Many modern hoopers make their own hoops out of polyvinyl chloride, polyethylene, high-density polypropylene, or polypropylene tubing. The polyethylene hoops, and especially the polyvinyl chloride hoops, are much larger and heavier than hoops of the 1950s. The size and the weight of the hoop affects style of the hooper. Heavier, larger hoops are more often used for slow hooping and body tricks while lighter, thinner tubing is used for quick hand tricks. These hoops may be covered in a fabric or plastic tape to ease the amount of work in keeping a hoop twirling around the dancer, and can be very colorful. Some use glow-in-the dark, patterned, or sparkling tape, and others are produced with clear tubing and filled with plastic balls, glitter, or even water to produce visual or audio effects when used. LED technology has also been introduced in the past few years, allowing hoops to light up at the flick of a switch.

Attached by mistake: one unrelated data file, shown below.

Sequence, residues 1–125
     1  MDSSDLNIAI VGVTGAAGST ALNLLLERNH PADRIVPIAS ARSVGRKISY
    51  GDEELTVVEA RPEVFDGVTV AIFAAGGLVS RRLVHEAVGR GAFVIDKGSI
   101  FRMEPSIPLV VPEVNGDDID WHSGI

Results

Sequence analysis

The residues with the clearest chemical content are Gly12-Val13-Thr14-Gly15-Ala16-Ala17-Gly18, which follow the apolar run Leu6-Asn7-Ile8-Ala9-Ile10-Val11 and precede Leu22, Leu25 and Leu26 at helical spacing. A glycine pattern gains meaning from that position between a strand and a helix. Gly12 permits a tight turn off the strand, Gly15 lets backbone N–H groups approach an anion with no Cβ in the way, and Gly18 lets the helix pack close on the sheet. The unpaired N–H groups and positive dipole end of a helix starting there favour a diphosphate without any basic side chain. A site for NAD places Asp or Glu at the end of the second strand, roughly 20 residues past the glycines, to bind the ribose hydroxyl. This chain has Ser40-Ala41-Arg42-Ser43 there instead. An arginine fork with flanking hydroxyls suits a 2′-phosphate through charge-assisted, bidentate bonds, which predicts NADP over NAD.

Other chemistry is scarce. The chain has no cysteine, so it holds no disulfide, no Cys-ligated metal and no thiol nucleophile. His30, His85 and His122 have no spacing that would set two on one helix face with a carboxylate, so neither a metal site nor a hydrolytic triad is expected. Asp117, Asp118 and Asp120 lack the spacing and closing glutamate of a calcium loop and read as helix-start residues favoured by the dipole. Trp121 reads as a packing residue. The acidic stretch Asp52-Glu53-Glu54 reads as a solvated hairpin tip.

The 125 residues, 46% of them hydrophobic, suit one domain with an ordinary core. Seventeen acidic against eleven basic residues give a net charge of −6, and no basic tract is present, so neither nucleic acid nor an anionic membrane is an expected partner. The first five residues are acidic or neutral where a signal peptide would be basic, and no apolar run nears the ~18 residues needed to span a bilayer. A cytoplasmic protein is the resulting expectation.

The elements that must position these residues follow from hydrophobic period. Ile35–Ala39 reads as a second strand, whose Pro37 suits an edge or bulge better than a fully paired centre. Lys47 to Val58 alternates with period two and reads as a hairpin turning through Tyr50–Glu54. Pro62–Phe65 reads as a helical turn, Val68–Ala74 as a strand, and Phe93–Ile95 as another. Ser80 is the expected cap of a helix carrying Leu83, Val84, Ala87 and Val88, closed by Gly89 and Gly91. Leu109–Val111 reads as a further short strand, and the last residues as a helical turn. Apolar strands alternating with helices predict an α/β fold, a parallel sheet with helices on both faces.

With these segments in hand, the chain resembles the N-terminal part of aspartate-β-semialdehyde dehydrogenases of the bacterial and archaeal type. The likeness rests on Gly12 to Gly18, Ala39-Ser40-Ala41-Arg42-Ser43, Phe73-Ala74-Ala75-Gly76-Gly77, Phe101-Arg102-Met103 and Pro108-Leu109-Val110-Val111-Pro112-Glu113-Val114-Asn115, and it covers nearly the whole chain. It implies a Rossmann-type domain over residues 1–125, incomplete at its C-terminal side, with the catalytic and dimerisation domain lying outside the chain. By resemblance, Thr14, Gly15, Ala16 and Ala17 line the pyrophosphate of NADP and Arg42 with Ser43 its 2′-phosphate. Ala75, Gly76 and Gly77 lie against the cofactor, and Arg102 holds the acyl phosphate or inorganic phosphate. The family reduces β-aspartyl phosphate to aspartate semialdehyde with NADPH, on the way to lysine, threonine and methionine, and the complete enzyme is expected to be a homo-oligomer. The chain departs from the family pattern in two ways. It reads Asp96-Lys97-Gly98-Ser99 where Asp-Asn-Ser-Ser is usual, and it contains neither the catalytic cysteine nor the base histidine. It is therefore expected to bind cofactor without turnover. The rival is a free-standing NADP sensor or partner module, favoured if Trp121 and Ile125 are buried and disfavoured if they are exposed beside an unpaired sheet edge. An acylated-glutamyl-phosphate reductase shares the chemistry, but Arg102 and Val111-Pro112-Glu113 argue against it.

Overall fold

The hooping movement vocabulary now includes many core or 'on body' moves, many 'off body' moves and a multitude of transitions creating the possibility for endless permutations and combinations. When a hoop dancer improvises combinations of movements (usually to music) he or she can get into a 'flow' state where the moves seem almost to direct themselves. The mind detaches from planning or judging the dance and exists in a state of blissful awareness. In order to get to a place of flow more easily and frequently it is advised that one should have a steady practice - daily, if possible. It takes a certain amount of drill to get comfortable enough to get to the flow. Both drill and flow count towards 'flight time' - the actual amount of time in the hoop that is logged.